66.6 – The Real Nature of the Beast


Three hundred and sixty-six Labour, Conservative and Lib Dem MPs claimed between £20,000 and £23,083 (the maximum) in Additional Costs Allowances (ACA) last year which just happens to work out at 66.6 (recurring) percent of MPs from the 3 main parties. Make of the three sixes what you will, but it does make a rather convenient point: the big problem with MPs expenses has not been the petty claims for ridiculous things but the big claims for housing – for these 366 MPs amounting to around £9m last year.

Most of these 366 MPs have opted for the “Cameron Option” – claiming at or near the full allowance for a mortgage and utility bills on a 2nd home. In Conservative Leader David Cameron’s case he’s thereby managed to claim £82,450 over 5 years for his Oxfordshire home. His explanation is interesting: “Yes, I do claim quite a lot of money for that, I have always tried to arrange my affairs so the whole family goes from London and then down to the constituency and back again – I find that’s the right way to keep my family together and yes, that does mean we have two houses of a certain size.” (Guardian website).

Very nice too. When I first started working at Manchester Business School three years ago I spent a year commuting to Manchester from our family home in Tamworth and sleeping in MBSs hotel rooms. MBS helped out, but they certainly would not have funded me having two full family homes in both places. I don’t know of many employers who would.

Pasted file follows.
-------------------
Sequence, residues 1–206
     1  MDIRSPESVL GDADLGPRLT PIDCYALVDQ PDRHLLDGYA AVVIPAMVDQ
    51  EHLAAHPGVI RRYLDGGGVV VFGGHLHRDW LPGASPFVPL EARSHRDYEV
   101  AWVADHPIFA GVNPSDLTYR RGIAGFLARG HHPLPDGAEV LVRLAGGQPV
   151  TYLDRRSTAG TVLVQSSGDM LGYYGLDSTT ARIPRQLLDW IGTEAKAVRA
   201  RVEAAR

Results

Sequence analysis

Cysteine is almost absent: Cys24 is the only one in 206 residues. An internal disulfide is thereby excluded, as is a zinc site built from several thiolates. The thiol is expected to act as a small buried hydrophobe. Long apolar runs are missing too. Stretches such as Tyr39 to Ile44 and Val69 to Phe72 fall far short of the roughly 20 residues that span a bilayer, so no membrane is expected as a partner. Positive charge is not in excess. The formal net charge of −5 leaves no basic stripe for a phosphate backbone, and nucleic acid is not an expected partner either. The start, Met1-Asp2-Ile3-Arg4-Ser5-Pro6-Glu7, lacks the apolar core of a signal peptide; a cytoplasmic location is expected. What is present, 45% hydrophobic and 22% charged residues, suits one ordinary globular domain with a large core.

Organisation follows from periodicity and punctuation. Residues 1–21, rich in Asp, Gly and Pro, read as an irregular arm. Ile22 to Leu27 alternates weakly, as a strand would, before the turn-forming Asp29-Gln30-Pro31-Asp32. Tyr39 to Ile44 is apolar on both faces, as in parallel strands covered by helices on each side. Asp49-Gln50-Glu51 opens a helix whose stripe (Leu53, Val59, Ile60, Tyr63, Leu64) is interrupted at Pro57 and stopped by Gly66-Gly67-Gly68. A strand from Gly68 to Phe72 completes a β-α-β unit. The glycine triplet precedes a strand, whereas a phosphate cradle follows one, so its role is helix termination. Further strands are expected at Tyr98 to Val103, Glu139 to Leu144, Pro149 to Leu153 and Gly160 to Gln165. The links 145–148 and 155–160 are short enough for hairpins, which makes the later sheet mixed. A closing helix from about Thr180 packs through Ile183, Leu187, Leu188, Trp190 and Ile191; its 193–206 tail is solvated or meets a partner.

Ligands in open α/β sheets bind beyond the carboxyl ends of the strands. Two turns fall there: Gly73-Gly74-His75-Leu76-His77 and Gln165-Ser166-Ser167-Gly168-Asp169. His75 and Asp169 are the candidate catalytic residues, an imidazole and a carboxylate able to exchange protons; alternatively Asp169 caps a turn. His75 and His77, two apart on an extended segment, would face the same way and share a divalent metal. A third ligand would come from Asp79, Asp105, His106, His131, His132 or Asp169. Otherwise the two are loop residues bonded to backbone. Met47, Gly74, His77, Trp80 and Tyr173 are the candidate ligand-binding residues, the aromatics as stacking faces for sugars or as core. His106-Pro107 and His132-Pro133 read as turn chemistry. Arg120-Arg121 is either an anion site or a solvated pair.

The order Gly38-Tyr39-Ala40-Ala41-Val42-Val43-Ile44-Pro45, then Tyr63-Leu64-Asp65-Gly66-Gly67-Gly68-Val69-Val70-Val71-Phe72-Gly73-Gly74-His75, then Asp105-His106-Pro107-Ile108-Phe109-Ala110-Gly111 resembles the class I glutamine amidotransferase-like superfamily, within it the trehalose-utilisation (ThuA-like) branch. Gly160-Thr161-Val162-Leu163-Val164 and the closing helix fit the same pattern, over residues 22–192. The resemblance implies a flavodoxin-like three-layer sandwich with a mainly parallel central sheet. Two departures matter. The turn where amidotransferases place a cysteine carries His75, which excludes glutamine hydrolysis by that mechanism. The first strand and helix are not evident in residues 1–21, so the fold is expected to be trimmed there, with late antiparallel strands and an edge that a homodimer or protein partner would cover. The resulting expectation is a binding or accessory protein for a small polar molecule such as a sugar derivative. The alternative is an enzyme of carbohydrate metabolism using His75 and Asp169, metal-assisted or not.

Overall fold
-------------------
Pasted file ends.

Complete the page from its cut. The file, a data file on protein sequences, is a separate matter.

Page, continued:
Asked on BBC Radio 4’s Today programme a couple of weeks ago about whether Mr Cameron would give back to Parliament the capital gains he’d make on his Oxfordshire pile he simply dodged the question by saying it wasn’t an issue because he wasn’t selling.

Now contrast that with the MPs who have been pilloried in the Press. A very few have done disgraceful things like claiming for mortgages they didn’t have or “flipping” homes to maximise income or to avoid capital gains tax.

But most have been led to the stocks and pelted with rotten fruit over trivial amounts: the 23 MPs who have agreed to pay back wrongly claimed items pocketed the princely sum of £130,000 between them, or four and half grand each over 4 years – i.e. not much more than a £1,000 a year. And that figure is massively reduced if you take out the £93,500 claimed and repaid by just four of the 23 MPs (calculated form figures on the BBC website).

Most these later group of MPs have been criticised for the wrong thing – what they should be being attacked for is shear bloody incompetence. All they had to do to stay on the right side of the lynch-mob was to go for the ‘Cameron Option’ – don’t buy trouser presses, get a mortgage. If you didn’t need one, you could always have invested the money somewhere else and claimed the interest from Parliament – and not even The Daily Telegraph would know.

I just came back from a short business trip to Spain which was great for reinforcing a sense of perspective – whilst my Spanish and Catalan colleagues are amused by what’s going on in Britain the amusement is mostly about why there’s such a fuss over what are mostly fairly minor expenses fiddles – the total amount repaid so far is about £35,000 if you exclude the flippers and phantom mortgages.

It’s about time we all got a grip and concentrated on the real issues.

On MPs expenses the real problem is to sort out the Cameron Option and how to provide MPs who need them with 2nd homes without allowing them to profit from it.

This on-going near-hysteria over MPs expenses is also clearly displaced anger from the real problems facing the country – isn’t it time we all got a grip and got back to talking about them?

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About Prof. Colin Talbot

Professor of Government (Emeritus). Universities of Cambridge and Manchester, England.
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